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Can you measure traction without revenue?

From my understanding and what I have been able to see things have changed a whole lot since 2005 where traction was measured on how fast you were able to acquire users (e.g. Tumblr, etc). I understand that investors at an early stage are more concerned at this point on the amount of revenues that you are able to generate. Any idea on what is the approach to measure traction if you don't have revenues to show?

9 Replies

Darius Lahoutifard
1
0
SaaS, Cloud, Enterprise Software, International Sales, Global Sales & Marketing, Growth, 3D, VR
Yes, Traction is not necessarily revenue, but any metrics which is consistently growing month after month, which proves that your solution solves a real client problem, ultimately leading to revenue. In a freemium business model, number of free accounts can be a traction. In Enterprise and B2B it can be pilot projects or revenue in most cases. In B2C projects it's rarely about revenue but other metrics such as time spent, number of ACTIVE users, virality, number of returning users etc.
Ron Warshawsky
0
0
Ron Warshawsky Advisor
Founder and CEO of Enteros. Years of successful experience in startup business and database technology.
Nick, before getting prospect to pay and to become a customer, you should have a number of steps in your marketing and sales funnels that prospect should get through before the "money" step.

You should put yourself in the position to measure each step in the funnels and to be able to understand why prospects are falling off the funnel. By doing this you will be able to measure traction and also to understand what is the proportional ratio of importance of each step.
Scott McGregor
0
0
Scott McGregor Entrepreneur • Advisor
Advisor, co-founder, consultant and part time executive to Tech Start-ups. Based in Silicon Valley.
Traction measures, In order from best to worst: recurring sales (obviously),
Gary Jurman
0
0
Gary Jurman Entrepreneur
Screen Printing Industry (30 yrs)
I am curious about this as well. Every marketing experience I have had tells me that revenue is king. Customers lie about what they will pay for and how much they'll spend until the moment of truth.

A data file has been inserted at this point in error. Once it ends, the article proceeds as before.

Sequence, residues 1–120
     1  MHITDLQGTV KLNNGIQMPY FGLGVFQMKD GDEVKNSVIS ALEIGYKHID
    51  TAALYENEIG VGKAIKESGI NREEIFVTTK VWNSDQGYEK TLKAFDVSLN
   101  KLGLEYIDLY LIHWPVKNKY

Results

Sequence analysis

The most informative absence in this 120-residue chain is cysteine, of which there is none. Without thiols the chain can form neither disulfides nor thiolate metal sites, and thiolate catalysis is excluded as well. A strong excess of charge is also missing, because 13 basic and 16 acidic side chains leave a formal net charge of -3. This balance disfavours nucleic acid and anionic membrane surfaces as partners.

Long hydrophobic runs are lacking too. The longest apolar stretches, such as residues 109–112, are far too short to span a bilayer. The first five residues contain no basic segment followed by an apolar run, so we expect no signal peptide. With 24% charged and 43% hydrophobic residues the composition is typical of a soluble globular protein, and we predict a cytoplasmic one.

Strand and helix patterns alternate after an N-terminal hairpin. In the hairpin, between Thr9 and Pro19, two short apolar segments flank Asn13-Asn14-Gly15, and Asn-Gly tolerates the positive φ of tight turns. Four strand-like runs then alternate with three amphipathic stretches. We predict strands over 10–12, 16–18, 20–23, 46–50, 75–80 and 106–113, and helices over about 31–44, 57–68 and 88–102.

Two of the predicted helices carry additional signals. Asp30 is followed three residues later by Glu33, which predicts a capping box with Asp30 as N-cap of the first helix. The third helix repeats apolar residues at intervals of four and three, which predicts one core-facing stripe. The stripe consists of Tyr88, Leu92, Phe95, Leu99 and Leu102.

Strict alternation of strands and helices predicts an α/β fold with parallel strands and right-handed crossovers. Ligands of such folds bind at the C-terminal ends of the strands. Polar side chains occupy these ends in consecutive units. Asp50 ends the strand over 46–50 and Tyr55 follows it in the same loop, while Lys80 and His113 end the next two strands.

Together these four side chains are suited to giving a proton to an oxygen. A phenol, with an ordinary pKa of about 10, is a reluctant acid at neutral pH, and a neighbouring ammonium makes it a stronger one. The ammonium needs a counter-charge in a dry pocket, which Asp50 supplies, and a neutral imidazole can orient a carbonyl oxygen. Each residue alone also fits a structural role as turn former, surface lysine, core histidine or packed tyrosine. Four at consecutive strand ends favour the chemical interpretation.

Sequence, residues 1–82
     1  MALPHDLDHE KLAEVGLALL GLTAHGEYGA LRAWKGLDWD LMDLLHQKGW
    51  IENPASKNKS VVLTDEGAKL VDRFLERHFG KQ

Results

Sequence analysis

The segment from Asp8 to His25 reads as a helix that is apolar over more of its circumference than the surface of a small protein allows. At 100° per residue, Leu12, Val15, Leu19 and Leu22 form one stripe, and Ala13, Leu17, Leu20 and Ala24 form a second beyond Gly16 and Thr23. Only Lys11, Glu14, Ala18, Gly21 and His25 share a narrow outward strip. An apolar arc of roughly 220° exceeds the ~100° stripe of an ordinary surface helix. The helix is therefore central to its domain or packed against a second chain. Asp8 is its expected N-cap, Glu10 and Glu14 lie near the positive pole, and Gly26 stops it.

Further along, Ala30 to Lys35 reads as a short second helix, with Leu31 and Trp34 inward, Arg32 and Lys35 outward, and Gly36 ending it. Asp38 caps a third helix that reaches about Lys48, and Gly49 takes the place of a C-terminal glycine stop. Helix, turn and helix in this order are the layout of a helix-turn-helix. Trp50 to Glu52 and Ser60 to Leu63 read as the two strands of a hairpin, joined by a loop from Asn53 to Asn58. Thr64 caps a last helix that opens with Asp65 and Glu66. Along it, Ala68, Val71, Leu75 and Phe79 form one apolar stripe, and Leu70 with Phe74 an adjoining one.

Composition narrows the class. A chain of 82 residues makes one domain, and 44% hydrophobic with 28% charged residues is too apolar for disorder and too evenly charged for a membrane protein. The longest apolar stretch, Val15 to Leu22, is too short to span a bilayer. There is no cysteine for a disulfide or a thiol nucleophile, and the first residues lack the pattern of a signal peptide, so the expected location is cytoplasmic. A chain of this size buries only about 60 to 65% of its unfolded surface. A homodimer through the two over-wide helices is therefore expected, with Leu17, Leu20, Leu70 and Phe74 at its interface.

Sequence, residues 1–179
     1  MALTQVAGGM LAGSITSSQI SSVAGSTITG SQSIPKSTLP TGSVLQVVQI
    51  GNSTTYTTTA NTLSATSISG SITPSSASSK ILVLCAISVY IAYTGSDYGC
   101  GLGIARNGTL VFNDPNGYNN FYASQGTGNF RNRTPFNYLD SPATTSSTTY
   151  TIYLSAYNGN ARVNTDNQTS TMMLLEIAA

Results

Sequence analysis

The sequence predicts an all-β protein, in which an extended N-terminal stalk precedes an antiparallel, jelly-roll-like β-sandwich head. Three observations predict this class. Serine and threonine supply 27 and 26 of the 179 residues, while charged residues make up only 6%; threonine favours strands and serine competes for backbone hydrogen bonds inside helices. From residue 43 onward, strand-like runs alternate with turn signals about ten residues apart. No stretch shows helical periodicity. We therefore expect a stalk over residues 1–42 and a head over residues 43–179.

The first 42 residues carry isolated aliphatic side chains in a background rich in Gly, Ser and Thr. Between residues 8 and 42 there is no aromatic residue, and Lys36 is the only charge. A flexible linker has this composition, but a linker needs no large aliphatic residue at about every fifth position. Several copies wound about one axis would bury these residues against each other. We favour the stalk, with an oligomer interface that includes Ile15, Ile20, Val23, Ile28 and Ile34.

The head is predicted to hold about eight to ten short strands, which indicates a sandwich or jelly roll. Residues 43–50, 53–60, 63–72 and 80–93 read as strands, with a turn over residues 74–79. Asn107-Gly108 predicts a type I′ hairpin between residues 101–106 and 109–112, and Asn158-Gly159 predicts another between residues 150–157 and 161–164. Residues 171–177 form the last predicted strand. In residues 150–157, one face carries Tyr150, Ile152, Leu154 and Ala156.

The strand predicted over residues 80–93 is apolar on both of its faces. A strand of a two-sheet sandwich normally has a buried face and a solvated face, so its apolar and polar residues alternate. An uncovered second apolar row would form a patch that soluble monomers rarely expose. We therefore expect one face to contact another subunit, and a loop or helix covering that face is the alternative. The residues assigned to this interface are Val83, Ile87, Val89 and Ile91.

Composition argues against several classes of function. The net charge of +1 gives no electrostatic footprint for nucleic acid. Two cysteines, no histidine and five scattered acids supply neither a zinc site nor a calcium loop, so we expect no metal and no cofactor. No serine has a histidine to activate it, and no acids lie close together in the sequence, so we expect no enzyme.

I guess this issue isn't directly about your product's marketability, though, but instead about getting investors to buy your company. In this case, your company is the product. Investors are not the same kind of customer as the one who buys the product: they are buying a solution to a different problem. The obvious ones are buying a potential return on investment --the problem being where to plant their money for growth.

In a normal sales pitch, proof that a product works is a strong element to include. In selling to investors, revenue is a kind of proof that the investment you are selling them will produce a return. In a sense, your question is "Are there other forms of proof that are compelling to investors today?"
Peter Baltaxe
1
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Peter Baltaxe Entrepreneur • Advisor
Consultant, product leader, serial entrepreneur
Nick, let me first try to provide the investor perspective. You (I mean this generically as any entrepreneur, not you specifically) may think you have built the world's best widget. You may have gotten some feedback from friends and family about your widget or talked to potential customers about your widget. And they have given you positive feedback on your widget. You likely have done some competitive analysis that indicates that your widget is better and cheaper then the competition along dimensions that you think are critical to customer choice. That would be great progress, but it does not indicate that you have achieved "product-market fit " (to use Lean Startup terminology). The number one reason startups fail is that there is no market for the product.